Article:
Farmhouse Bed - Queen Sized

Submitted by Ana White on Sun, 05/19/2019 - 13:30
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This beautiful farmhouse bed can be made for just a fraction of the cost to buy - all from standard, off the shelf lumber!  You won't need a pocket hole jig or any special tools to build.

This bed has been built thousands of times and is a reader favorite.  You can also find the twin version, king version, and all our farmhouse bed plans here.

White farmhouse bed with distressed edges built by Ana White

Having a beautiful bed can transform any bedroom.  It's the most important piece in your bedroom, but can also be the most expensive.

Over a decade ago, I built my first farmhouse bed (pictured above).  We still use it today, it's still as strong and sturdy and beautiful as ever.  And it only cost about $120 to build then - thousands less than buying!

Farmhouse Bed Plans

We updated the original farmhouse bed plans to use less tools, less materials, but be just as beautiful!  You won't need a pocket hole jig - just a drill, nailer and a saw, to tackle this project.

The plans are below.  Please let us know in the comments or add a brag post on how your farmhouse bed turned out.  Thank you for using our plans.


NOTE: This bed plan has been updated and improved.  If you need the original plans, we have created a printable PDF for your convenience.

diagram of queen farmhouse bed showing dimensions
Dimensions fit a standard Queen Mattress 60" x 80"


Shopping List

12 - 2x4 8 feet long

2 - 2x6 8 feet long

2 - 1x10 8 feet long

2 - 4x4 8 feet long

1 - 2x2 8 feet long

6 - 1x6 8 feet long

4 - 1x4 8 feet long

100 - 1-1/4" long brad nails

75 - 2-1/2" long self tapping wood screws 

Cut List


2 - 4x4 @ 54"

2 - 2x2 @ 30"

11 - 1x6 @ 30" 

2 - 1x4 @ about 60-1/2" - measure and cut to fit

1 - 2x4@ 67-1/2" - measure and cut to fit

1 - 2x6 @ 69-1/2" - measure and cut to fit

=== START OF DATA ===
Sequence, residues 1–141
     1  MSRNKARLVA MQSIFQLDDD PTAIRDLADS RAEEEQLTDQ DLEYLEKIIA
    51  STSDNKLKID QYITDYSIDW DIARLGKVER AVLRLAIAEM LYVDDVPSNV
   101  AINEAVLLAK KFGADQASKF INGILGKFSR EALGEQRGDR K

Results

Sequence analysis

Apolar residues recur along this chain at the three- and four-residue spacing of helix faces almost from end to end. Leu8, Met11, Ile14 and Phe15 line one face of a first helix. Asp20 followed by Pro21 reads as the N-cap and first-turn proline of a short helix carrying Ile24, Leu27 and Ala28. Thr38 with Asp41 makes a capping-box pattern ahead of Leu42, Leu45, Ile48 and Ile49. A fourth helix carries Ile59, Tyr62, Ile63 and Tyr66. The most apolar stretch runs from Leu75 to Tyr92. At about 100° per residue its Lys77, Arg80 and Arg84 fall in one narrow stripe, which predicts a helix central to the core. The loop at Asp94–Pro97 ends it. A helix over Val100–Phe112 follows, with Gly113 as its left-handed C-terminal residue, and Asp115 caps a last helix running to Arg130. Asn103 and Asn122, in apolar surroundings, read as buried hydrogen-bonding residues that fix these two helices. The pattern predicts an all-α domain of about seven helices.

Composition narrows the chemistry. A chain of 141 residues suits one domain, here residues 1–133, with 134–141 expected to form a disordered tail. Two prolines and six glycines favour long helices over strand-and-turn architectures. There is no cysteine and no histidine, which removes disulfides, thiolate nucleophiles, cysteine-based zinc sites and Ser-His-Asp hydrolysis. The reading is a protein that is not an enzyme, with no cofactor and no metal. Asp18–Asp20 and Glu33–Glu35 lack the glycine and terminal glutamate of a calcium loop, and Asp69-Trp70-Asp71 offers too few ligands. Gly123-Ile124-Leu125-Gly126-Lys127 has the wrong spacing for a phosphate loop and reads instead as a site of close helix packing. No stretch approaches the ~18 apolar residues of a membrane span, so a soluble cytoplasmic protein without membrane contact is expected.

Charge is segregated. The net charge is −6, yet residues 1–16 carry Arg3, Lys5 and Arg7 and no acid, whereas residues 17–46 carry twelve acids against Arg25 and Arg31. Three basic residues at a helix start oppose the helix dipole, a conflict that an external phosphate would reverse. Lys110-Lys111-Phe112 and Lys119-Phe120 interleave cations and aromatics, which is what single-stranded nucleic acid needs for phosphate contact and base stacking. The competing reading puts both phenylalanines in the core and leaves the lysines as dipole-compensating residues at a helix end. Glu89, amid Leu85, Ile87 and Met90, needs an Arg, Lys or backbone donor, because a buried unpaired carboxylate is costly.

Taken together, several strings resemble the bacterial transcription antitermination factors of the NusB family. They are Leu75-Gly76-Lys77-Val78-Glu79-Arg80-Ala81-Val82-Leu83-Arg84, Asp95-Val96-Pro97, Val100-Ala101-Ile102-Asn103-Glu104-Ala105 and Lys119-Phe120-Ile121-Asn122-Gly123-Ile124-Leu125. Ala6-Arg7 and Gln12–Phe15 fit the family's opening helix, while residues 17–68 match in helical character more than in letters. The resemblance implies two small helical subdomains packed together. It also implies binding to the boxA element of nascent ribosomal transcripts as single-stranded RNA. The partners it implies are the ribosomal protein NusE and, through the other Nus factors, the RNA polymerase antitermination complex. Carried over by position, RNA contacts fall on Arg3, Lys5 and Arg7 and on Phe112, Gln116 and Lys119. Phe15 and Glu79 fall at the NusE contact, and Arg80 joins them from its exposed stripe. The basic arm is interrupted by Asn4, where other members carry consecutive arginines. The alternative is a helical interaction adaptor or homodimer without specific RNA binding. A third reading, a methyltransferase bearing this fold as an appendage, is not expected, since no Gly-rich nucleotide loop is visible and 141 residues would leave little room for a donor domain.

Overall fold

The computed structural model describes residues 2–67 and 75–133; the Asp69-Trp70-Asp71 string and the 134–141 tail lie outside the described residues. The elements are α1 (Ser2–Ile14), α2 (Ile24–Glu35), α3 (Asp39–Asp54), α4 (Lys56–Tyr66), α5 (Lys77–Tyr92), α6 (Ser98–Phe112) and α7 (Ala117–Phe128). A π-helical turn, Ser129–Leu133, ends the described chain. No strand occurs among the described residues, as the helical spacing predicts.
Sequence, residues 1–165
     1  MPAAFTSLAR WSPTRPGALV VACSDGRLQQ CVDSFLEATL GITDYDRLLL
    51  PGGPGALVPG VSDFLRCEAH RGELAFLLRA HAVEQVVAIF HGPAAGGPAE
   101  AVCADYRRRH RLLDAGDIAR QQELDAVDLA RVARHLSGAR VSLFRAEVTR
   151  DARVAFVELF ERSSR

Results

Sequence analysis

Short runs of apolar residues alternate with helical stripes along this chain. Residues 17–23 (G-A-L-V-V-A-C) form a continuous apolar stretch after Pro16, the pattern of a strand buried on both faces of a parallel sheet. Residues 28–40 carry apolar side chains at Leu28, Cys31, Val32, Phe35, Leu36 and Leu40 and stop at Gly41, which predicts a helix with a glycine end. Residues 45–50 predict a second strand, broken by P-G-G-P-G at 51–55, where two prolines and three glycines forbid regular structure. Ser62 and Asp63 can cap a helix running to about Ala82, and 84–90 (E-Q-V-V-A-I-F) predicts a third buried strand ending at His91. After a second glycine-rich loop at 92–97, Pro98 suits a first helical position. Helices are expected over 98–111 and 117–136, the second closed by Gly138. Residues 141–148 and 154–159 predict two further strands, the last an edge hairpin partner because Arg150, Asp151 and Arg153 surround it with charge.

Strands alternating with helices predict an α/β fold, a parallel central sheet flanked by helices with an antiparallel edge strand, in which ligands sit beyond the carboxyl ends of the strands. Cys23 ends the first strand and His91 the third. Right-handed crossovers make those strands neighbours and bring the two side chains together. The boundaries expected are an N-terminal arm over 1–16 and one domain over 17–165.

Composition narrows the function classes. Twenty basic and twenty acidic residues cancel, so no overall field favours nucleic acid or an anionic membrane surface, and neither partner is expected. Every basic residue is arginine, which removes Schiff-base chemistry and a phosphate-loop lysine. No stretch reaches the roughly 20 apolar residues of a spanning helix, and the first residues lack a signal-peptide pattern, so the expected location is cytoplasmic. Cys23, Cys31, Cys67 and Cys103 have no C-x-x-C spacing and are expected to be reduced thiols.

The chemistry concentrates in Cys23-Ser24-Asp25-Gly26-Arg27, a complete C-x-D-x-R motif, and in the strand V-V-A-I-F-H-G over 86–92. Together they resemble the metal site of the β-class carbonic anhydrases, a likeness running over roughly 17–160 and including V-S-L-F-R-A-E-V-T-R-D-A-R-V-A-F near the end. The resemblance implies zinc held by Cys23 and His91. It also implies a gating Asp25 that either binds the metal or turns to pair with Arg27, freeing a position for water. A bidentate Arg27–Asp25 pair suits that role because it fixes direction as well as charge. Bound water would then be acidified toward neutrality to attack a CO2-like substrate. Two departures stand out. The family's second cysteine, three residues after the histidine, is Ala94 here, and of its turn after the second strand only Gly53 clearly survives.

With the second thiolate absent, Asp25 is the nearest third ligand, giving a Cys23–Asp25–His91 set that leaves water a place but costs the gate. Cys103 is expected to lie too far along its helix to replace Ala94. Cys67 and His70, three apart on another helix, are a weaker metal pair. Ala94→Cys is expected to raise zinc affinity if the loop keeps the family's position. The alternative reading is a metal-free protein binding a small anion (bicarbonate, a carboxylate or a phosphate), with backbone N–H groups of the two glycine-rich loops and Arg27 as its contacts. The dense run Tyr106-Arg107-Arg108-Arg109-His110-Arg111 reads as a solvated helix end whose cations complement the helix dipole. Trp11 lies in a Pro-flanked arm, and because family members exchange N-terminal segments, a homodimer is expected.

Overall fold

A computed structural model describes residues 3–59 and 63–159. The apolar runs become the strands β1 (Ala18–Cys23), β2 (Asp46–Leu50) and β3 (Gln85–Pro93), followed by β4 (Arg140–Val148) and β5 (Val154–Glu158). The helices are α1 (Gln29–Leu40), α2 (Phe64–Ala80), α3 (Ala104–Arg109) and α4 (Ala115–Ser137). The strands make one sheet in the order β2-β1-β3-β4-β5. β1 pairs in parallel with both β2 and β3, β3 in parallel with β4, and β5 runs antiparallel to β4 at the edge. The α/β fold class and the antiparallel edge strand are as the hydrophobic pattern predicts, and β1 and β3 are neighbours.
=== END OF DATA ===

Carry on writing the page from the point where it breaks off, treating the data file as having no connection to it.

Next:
2 - 4x4 @ 21"

2 - 2x2 @ 8"

2 - 2x2 @ 3"

11 - 1x6 @ 15" 

2 - 1x4 @ about 60-1/2" - measure and cut to fit

1 - 2x4@ 67-1/2" - measure and cut to fit

1 - 2x6 @ 69-1/2" - measure and cut to fit



3 - 2x4 @ 83-1/2"

1 - 2x4 @ 60-1/2"

2 - 2x4 @ 12-1/2"

2 - 1x10 @ 80"

20 - 2x4 @ 32" - can be as short as 30" if you need to burn up scraps

Cutting Instructions

Cut all boards except as noted to measure and cut.  We recommend using a compound miter saw for the straightest cuts, but you can also use a circular saw and a carpenter's square - just make sure your cut ends are nice and straight.

Tape Measure
Speed Square
Safety Glasses
Hearing Protection
Miter Saw
Brad Nailer
Power Sander


Step 1

Attach the longest 2x2s to the longest 4x4s, flush to the back edge with 2-1/2" self tapping screws.  

Step 2

Layout the 30" 1x6 boards flat, side by side.  Measure the overall width of all the 1x6 boards.  Cut two 1x4s to this measurement.

Nail the 1x6 boards with glue to the 1x4s.  Apply glue between the 1x6 boards as you go.

Make sure the panel is built square by measuring opposite diagonals (outside top corner of 1x4 to outside bottom corner of opposite 1x4) and adjusting so the opposite diagonals match.

Step 3

Attach the headboard panel to the 2x2s on the legs with 2-1/2" screws.  Only screw to the headboard panel at the top and bottom portion backed by the 1x4s.

Also attach the panel from the front 1x6s to the 2x2s with 1-1/4" brad nails.

Step 4

Measure and cut the 2x4 for the top.  Attach with 2-1/2" screws.

Step 5

Repeat steps for the 2x6 top, leaving a 1" overhang on all four sides.

This completes the headboard build.

Step 6

The footboard is constructed exactly as the headboard, with the exception of the 2x2 cleats and the overall height.

Attach the 2x2 cleats with 2-1/2" screws.  The smaller cleat may split on you since the wood piece is so small.  You can predrill holes to help prevent wood from splitting.

Step 7

Build the panel and attach to the 2x2 cleats.

Step 8

Attach top 2x4 and 2x6 to the footboard with 2-1/2" screws.

Step 9

Attach the 2x4 cleat to the footboard, set in the 2x2 cleats, resting on the bottom cleat.  Use 2-1/2" screws to attach the 2x4 to the 4x4 legs.

Mark the headboard legs as shown in the diagram, and attach 2x4 cleat to the 4x4 legs with 2-1/2" screws.

Step 10

Use 2-1/2" screws to attach the headboard support between the cleats.

Step 11

Center legs add a ton of support and strength to the bed.  

First attach the shorter 2x4 "legs" to the center 2x4.  Then place the center 2x4 in place inside the bed, and attach to the footboard and the headboard 2x4.

Step 12

Measure and cut to fit the 1x10 siderails.  

Attach with 1-1/4" brad nails and glue.

NOTE: If you find your 1x10s need to be attached at the top, you can buy small L brackets and use to attach